• Futurism (Kurzgesagt) — Using Kurzgesagt's signature bird-centric animation style, this series describes some futuristic technologies humanity may one day develop, what impact they may have on society, and their ethical implications. Dyson spheres, terraforming, space elevators, designer babies, asteroid mining, and more are on the docket.

  • Human Evolution (PBS Eons)  — A team of biologists, archaeologists, and anthropologists take us on a tour of the most pivotal moments in our species' evolutionary history. The series explores how our ancestors first learned to walk, make tools, tame fire, and more; then, it shows how we spread across the planet and how we interacted with other hominid species along the way.

🔮📬 Postcard from the future

A short ‘what if’ piece of speculative fiction about a hypothetical future that could result from the forces changing our world.

// What is a positive future that could result from the forces of infrastructure under-investment, US federal government gridlock, and climate change?

The Florida of the late 20th century was built by selling a dream — a dream of endless beaches, beautiful weather, and easy living. (Miami was built on cocaine, but that’s a different story.)

The Florida of the 2020s saw that dream darken. Rising sea levels swamped and washed away beaches. More frequent and more intense tropical storms hammered buildings and infrastructure. And political gridlock at the state and national level meant deferred infrastructure investments saw ballooning costs as small problems became catastrophic ones. Insurance companies stepped in with sharpened knives, raising rates across the state. Everyone was hit, from people in their 20s just getting started to retirees living on fixed incomes. 

That’s why, in 2029, the resurgent Green Party stepped in. Fueled by environmental patriotism, crypto-faith, and a dash of White Claw, they announced several ambitious schemes. A call for GreenCorp volunteers went out with the simple promise: come to Florida to work for two years in exchange for construction training and the elimination of your student debt. The trick was that the Green Party realized that student debt can be purchased from debt collectors for pennies on the dollar. So, through shell corporations, they purchased hundreds of millions of dollars of student loan debt. The funding for these purchases came through a new “GreenCoin” — a new cryptocurrency rolled out by the party in 2025 after the debacle that was the presidential election.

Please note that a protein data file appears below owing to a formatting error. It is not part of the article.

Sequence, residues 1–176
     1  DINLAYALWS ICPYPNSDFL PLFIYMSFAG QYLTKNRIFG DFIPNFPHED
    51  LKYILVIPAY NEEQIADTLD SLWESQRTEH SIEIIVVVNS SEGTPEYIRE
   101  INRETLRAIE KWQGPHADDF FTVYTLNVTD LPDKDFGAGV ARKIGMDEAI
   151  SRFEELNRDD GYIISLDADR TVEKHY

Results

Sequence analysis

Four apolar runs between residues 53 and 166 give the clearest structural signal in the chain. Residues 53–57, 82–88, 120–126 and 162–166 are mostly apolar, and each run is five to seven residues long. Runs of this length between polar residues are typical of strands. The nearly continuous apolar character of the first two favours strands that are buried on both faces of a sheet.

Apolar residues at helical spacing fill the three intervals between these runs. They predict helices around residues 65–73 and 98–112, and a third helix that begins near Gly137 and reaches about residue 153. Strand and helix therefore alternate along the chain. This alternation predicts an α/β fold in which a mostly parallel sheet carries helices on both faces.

The GreenCorp rolled into action, triaging towns that wanted their help. In towns projected to be sustainable in 100 years, GreenCorp built hurricane resistant complexes. In areas which would be lost to the sea and storms, they relocated entire populations. In two years, they moved 20 towns with over 150,000 people in total to new locations. And those new towns proved incredibly resilient to the megastorms of the mid-2030s. The program was so successful it created popular support for the AmeriCorps 2040 program.